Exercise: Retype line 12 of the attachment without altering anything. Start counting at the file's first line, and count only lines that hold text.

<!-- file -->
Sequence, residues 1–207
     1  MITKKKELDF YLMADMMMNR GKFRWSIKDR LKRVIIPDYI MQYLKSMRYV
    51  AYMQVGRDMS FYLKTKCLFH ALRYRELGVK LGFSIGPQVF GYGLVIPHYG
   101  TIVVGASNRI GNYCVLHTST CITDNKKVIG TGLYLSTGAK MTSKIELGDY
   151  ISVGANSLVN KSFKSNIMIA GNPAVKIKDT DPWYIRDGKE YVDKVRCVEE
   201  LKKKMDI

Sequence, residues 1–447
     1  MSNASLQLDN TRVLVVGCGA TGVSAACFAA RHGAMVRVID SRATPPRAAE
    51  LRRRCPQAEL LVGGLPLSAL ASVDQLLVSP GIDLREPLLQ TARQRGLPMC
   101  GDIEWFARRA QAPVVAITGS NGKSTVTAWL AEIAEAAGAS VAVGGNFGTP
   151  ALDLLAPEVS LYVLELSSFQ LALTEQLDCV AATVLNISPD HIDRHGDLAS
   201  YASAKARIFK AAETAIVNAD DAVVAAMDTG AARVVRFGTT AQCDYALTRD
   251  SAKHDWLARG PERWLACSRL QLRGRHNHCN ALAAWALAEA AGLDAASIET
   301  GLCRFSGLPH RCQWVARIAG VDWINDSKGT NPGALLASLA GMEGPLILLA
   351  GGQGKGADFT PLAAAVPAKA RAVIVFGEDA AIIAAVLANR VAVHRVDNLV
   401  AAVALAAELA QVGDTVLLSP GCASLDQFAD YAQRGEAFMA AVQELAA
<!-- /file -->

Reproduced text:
   201  YASAKARIFK AAETAIVNAD DAVVAAMDTG AARVVRFGTT AQCDYALTRD